Date: Sun, 8 May 1994 21:14:17 -700


Subject: Re: case

On Sun, 8 May 1994, Al Futrell wrote:

One meaning of "case" that DARE does not include is "last." In relation

to money, especially the instance of 'case' meaning 'dollar,' "case"

refers to one's last dollar. Thus, a case dollar is one's last dollar,

so when someone is down to his case dollar or down to his case or caser

he is almost broke. "He took my case note" means he took my last dollar.

This sense of "case" comes from gambling -- and Maurer (Language

of the Underworld) and Clark (Dictionary of Gambling and Gaming) and

Wentworth and Flexner (Dictionary of American Slang) and Goldin,

O'Leary, and Lipsius (Dictionary of American Underworld Lingo) and

even Farmer and Henley (Slang and its Analogues) include this sense of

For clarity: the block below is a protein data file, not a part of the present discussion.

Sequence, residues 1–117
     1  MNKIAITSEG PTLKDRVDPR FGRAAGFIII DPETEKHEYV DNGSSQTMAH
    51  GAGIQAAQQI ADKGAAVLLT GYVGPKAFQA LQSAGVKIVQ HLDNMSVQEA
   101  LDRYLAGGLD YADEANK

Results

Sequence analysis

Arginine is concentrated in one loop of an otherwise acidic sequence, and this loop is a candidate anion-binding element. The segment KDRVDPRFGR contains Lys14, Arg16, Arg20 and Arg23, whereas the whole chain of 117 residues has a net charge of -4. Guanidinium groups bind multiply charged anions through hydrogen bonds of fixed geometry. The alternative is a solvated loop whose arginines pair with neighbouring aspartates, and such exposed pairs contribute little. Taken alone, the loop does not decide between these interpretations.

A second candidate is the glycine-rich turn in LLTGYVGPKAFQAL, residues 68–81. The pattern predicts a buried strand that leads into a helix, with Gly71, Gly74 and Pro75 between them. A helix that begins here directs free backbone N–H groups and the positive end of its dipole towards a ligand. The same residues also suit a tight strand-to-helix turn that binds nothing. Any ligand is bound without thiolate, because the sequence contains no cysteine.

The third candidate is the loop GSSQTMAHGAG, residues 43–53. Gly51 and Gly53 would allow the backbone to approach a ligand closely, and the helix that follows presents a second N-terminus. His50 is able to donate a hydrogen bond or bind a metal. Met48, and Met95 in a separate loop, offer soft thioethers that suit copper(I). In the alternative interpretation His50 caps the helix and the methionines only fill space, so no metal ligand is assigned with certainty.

"case" even though it is missing in DARE.

With regard to "case" suggesting unity, as in a case quarter rather

than 5 nickels, in Kentucky I have often heard people ask for a

"silver" dime when they want an actual dime and not just 10 cents.

Assuming that "case" and "silver" are synonyms and noticing that

DARE's examples of "case" for a coin of a particular denomination

all come from the South, I am wondering how folks above the

Mason-Dixon line refer to a particualr denomination of a coin.

I ask this having grown up in Illinois and not remembering how I

used to talk!

Easy.... A quarter is a quarter! If I ask for twenty-five cents, I

expect to get any combination of coins adding up to that amount. If I

asked for a quarter and someone gave me five nickels, my response would

be, "No, I need a quarter!"

In my dialect, and that of my friends, "case quarter" would be clearly


Keith Russell